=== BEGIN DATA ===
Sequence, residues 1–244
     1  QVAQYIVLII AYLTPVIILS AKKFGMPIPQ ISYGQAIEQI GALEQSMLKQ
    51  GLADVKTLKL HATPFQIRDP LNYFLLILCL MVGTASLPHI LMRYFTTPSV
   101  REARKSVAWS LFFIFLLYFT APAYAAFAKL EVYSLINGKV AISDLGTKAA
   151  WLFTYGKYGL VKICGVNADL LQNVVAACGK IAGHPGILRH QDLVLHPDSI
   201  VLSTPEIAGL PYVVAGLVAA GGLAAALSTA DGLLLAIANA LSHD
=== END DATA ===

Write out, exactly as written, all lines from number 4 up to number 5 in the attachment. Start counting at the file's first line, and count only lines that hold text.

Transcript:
   101  REARKSVAWS LFFIFLLYFT APAYAAFAKL EVYSLINGKV AISDLGTKAA
   151  WLFTYGKYGL VKICGVNADL LQNVVAACGK IAGHPGILRH QDLVLHPDSI